Major Taiwanese news network Liberty Times Network (LTN) recently reported that Beijing’s new HK National Security Law sent a shockwave across the world. However, Beijing probably did not make this decision casually or in a hurry. Instead, this could very likely have been a carefully calculated move based on the bet that Beijing may not pay a geopolitical price. The international community has frequently condemned Beijing’s rude and unlawful activities, but rarely did people see tangible action taken against Communist China as a meaningful punishment. While the whole world is busy dealing with the pandemic, Beijing has been knocking down fishing ships near Vietnam, attacking the newly elected Taiwanese president, and confronting Indian troops on India’s border in the Himalayas. Since President Xi Jinping came into power, China has stopped the model of quietly raising its soft power globally. China is now no longer a country that feels ashamed of being a dictatorship. Instead it is betting that the world will once again just do lip service and China will not face any real punishment.

Source: LTN, May 25, 2020

RFI Chinese: The British Prime Minister to Reduce Huawei 5G Involvement to Zero

Radio France Internationale (RFI) Chinese Edition recently reported that, based on British sources, British Prime Minister Boris Johnson asked his government to prepare a new plan, in the next three years, to reduce Huawei’s involvement in the nation’s 5G infrastructure development to zero. Several things triggered this new move. One was the increasing pressure from within the Conservative Party on national security concerns. The second was the British general public’s distrust of the Chinese government as a result of the widespread damage that the coronavirus caused. The earlier British plan of keeping a percentage of Huawei involvement had already disappointed Washington and cast a shadow on the intelligence-sharing among Western allies. The United States also accused China of subsidizing Huawei so it could eat into international telecommunication market shares. After Brexit, the British government has been negotiating with the EU to establish a new relationship and has also started talks with the United States for a new free trade agreement.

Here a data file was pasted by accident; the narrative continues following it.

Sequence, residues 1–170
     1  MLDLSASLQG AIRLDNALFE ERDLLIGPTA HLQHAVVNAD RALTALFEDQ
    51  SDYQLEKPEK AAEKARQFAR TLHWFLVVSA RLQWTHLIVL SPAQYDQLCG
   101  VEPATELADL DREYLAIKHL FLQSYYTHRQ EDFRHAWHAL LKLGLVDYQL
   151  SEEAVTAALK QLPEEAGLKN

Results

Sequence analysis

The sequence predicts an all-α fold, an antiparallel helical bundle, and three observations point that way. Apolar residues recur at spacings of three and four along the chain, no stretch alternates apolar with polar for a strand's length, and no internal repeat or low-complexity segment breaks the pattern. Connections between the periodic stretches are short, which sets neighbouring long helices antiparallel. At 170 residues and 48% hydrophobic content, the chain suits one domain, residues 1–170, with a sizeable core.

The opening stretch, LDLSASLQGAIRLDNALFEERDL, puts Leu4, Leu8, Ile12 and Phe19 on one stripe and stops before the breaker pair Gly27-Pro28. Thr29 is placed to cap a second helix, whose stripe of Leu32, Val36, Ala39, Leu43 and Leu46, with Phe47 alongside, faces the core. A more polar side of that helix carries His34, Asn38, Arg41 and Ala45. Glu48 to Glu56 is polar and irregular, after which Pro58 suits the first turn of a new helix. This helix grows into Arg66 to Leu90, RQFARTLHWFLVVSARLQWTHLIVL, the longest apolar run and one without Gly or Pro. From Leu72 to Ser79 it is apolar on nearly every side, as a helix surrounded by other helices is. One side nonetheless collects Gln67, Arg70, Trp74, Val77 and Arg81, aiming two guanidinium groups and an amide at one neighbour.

Source: RFI Chinese, May 23, 2020

Average HK Residents Responded to the New HK National Security Law

When the Mainland communist government introduced the Hong Kong National Security Law, the average Hong Kong local residents immediate response was to go to the banks in Hong Kong. According to Radio France Internationale (RFI) Chinese Edition, as soon as the new law’s draft was submitted, foreign exchange stores across Hong Kong were immediately overwhelmed by customers converting HK Dollars to US Dollars. A typical exchange store could reach over US$1 million in cash exchange within one hour. British Pounds and Japanese Yen also ran out fast. Many customers of Chinese banks nearly emptied their money in HK Dollars and immediately opened US Dollar accounts in local branches of U.S. banks or Singapore banks. In the meantime, the major Hong Kong newspaper Apple Daily reported that the locals took another immediate action to download VPN (Virtual Private Network) apps, which help users avoid being monitored by authorities. On May 21, Apple’s HK AppStore reported seven of the top ten downloads were VPN apps. The download volume was 120 times more than the previous day. Mainland China is well-known for its tight control over Internet access and most of the World’s popular social networks, such as Twitter and Facebook, are blocked in China. Meanwhile, immigration service providers also saw a sharp increase in immigration inquires.